Tuesday, July 11, 2006

Cuba and the second party

The text of the “Compact with the People of Cuba” is here. It lists the many things the US will do to support a “Cuban transition government,” whatever that might be, including providing emergency food, water, fuel and medical equipment (none of which except perhaps fuel are in short supply in Cuba), helping “rebuild your shattered economy,” and my favorite, “Discourage third parties from intervening to obstruct the will of the Cuban people.” Presumably the third party they have in mind is Venezuela, but.... third party? The unthinking use of that phrase neatly demonstrates the assumption that intervention by the US (the second party) in the affairs of the Cuban people (the first party) is completely natural and legitimate.

(Later): at the roll-out of the report yesterday, Caleb McCarry, the “Cuba Transition Coordinator,” undeftly dodged a question about whether the US would send troops:
MR. MCCARRY: Well, the report, in terms of perspective recommendations, does include a recommendation regarding providing support during a transition, as authorized by U.S. law, to assist the Cuban security forces in making the transition to working under a democratic government. That --

QUESTION: Does that involve the deployment of U.S. forces?

MR. MCCARRY: That’s -- I just gave you the -- recited the part of the report that does refer to, prospectively, in the future with a transition government, the kinds of assistance that might be provided.
In the Report to the President, Venezuela is indeed a big concern. It goes on and on about Venezuela and the Cuba-Venezuela “axis.”

The Report is about what you’d expect, how we’re going to destroy Cuba’s economy until Castro dies, and then how we’re going to rebuild it and bring in a prosperous, democratic future. Or to put it another way, they think they’ve learnt something from the example of how not to do such things, Iraq (which they never mention), but they really haven’t. What they have concluded is that “freedom” is not enough: “Offering to help Cubans meet their basic and unmet social desires and humanitarian needs will be a powerful force for change and the best guarantor that the transition to freedom will succeed”. In other words the “powerful force for change” will be tens of billions of dollars of American money.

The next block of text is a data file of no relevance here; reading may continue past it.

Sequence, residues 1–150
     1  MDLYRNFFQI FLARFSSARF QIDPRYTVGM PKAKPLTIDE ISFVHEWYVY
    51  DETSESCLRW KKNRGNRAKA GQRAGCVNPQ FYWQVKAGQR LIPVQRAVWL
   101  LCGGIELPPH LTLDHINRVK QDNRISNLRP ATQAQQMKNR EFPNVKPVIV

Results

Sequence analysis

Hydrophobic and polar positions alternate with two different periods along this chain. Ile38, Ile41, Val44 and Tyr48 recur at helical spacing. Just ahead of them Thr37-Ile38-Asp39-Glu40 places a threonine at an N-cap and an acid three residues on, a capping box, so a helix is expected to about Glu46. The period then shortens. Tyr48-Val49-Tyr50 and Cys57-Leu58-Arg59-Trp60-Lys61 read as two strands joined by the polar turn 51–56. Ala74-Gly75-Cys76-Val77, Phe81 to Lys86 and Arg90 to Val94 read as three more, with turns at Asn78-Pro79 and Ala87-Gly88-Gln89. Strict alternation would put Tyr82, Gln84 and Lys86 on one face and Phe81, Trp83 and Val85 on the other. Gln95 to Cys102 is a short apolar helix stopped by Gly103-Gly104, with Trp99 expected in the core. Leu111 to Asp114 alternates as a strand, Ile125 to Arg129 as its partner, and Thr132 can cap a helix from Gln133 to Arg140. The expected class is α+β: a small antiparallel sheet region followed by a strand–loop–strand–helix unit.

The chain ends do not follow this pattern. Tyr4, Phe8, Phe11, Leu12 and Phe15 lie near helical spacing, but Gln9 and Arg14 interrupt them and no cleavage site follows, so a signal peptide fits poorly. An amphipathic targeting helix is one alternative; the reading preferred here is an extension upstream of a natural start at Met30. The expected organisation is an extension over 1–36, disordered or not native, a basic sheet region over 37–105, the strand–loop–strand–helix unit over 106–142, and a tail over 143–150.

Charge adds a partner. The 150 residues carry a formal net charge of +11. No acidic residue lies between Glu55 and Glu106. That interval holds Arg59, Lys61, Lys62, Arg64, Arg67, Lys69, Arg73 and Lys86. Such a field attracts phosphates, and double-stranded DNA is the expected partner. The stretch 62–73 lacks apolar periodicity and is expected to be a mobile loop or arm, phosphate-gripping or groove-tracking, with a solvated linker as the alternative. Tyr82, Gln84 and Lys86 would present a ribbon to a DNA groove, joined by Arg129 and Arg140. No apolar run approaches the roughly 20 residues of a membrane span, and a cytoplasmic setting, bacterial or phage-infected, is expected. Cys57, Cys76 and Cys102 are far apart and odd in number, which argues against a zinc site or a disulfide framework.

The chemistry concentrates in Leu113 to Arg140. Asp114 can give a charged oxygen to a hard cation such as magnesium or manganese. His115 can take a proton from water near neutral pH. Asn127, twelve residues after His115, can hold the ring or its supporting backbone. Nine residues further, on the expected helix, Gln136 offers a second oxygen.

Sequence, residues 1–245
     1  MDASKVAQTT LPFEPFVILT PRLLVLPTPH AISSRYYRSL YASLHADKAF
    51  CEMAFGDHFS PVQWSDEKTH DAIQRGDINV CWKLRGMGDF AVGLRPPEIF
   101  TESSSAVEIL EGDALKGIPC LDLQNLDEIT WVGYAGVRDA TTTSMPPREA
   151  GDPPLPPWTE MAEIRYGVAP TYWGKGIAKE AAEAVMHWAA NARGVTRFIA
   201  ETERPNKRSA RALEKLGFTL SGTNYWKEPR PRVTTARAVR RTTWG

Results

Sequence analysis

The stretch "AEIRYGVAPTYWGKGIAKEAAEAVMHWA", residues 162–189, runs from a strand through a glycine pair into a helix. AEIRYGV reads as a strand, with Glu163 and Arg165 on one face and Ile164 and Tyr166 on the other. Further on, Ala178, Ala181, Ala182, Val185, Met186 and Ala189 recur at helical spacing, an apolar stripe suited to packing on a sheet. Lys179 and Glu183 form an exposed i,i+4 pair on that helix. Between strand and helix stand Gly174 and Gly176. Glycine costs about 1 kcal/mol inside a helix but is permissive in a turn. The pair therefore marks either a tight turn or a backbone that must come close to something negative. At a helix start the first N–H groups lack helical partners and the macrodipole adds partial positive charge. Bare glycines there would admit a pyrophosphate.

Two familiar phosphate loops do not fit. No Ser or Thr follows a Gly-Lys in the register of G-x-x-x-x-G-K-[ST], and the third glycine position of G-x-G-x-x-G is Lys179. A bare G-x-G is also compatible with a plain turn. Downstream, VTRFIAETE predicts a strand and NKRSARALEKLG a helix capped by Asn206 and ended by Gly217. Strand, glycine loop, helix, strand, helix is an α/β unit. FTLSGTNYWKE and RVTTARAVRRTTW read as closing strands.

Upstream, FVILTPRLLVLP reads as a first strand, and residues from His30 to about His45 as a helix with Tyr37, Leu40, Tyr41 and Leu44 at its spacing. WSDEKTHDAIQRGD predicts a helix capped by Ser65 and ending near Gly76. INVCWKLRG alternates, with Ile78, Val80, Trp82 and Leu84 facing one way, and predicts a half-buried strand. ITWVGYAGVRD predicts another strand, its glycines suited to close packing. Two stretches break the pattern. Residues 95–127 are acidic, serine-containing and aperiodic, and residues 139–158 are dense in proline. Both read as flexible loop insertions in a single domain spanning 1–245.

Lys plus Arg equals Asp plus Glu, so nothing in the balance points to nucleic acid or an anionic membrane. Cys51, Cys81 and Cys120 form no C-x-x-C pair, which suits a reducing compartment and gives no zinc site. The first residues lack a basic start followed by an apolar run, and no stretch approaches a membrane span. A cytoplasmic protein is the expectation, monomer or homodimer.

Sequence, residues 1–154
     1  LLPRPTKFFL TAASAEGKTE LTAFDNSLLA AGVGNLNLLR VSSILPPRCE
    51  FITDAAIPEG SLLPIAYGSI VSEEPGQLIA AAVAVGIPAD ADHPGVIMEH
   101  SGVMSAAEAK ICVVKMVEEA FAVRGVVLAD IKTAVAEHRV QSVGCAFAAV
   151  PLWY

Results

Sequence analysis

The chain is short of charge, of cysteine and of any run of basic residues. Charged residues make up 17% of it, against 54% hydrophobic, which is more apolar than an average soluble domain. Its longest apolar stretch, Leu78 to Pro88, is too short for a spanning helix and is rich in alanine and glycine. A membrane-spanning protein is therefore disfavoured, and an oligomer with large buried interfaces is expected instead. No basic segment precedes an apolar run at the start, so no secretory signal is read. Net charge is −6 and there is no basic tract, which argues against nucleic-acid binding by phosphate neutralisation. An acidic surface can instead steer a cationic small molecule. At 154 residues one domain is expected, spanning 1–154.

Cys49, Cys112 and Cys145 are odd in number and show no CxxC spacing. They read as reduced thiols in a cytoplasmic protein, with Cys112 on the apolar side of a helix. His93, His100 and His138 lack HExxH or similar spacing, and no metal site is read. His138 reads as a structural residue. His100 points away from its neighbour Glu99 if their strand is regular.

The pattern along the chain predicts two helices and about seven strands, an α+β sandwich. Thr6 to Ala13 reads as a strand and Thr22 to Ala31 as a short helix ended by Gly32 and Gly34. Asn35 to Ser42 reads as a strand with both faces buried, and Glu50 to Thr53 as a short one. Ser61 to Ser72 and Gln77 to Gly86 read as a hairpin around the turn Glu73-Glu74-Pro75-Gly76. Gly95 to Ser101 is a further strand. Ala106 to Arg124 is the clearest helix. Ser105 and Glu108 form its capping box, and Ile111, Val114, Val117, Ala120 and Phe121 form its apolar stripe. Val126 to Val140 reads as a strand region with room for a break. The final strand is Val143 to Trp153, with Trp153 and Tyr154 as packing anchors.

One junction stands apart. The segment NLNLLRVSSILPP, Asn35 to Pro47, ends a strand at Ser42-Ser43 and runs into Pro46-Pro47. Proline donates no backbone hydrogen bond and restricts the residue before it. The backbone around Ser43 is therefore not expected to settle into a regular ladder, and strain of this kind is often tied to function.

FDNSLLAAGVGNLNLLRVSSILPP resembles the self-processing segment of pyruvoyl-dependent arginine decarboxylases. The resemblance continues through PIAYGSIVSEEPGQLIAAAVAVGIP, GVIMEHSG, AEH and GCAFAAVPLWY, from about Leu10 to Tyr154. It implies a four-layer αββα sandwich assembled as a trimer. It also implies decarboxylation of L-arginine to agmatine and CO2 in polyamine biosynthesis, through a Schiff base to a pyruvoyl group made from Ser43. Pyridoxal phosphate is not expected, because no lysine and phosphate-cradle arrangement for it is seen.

Which will be channeled through this “Cuban transition government.” And quickly too: the report calls for the US to be ready “to provide technical assistance in the first two weeks after a determination that a Cuban transition is underway”. The CTG is the black box of the report, a CIA-coup-sized hole in its middle. The report talks endlessly about all the things the CTG should do and all the things we’ll do to help it but says nothing about how it would be formed, how it would push aside the Communists (though we are planning to “undermine the regime’s succession strategy”), from whence its legitimacy would be derived (we’re giving it 18 months to organize elections). McCarry at that press conference kept deflecting questions about this. I’m guessing that’s all covered in the classified parts of the report, because without this mysterious entity, there is literally no plan. The CTG will evidently just magically appear, possibly defrosted from cryogenic freezers in Langley and be embraced by the Cuban people and possibly welcomed with flowers and dancing in the streets.

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